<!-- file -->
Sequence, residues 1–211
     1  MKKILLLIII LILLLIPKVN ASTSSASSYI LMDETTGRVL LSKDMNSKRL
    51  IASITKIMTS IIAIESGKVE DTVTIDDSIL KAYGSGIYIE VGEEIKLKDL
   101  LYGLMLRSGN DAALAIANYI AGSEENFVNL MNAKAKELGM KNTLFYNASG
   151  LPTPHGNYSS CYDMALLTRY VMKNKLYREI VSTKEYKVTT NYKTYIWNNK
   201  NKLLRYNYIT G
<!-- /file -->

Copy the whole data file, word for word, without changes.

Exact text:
Sequence, residues 1–211
     1  MKKILLLIII LILLLIPKVN ASTSSASSYI LMDETTGRVL LSKDMNSKRL
    51  IASITKIMTS IIAIESGKVE DTVTIDDSIL KAYGSGIYIE VGEEIKLKDL
   101  LYGLMLRSGN DAALAIANYI AGSEENFVNL MNAKAKELGM KNTLFYNASG
   151  LPTPHGNYSS CYDMALLTRY VMKNKLYREI VSTKEYKVTT NYKTYIWNNK
   201  NKLLRYNYIT G